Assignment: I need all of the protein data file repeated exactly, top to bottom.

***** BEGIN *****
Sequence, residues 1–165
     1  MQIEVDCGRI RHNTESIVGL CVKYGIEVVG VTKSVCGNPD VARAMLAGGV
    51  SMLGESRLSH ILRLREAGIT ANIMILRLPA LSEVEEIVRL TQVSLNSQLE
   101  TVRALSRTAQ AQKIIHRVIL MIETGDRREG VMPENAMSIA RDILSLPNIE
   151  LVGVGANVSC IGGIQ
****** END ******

Sequence, residues 1–165
     1  MQIEVDCGRI RHNTESIVGL CVKYGIEVVG VTKSVCGNPD VARAMLAGGV
    51  SMLGESRLSH ILRLREAGIT ANIMILRLPA LSEVEEIVRL TQVSLNSQLE
   101  TVRALSRTAQ AQKIIHRVIL MIETGDRREG VMPENAMSIA RDILSLPNIE
   151  LVGVGANVSC IGGIQ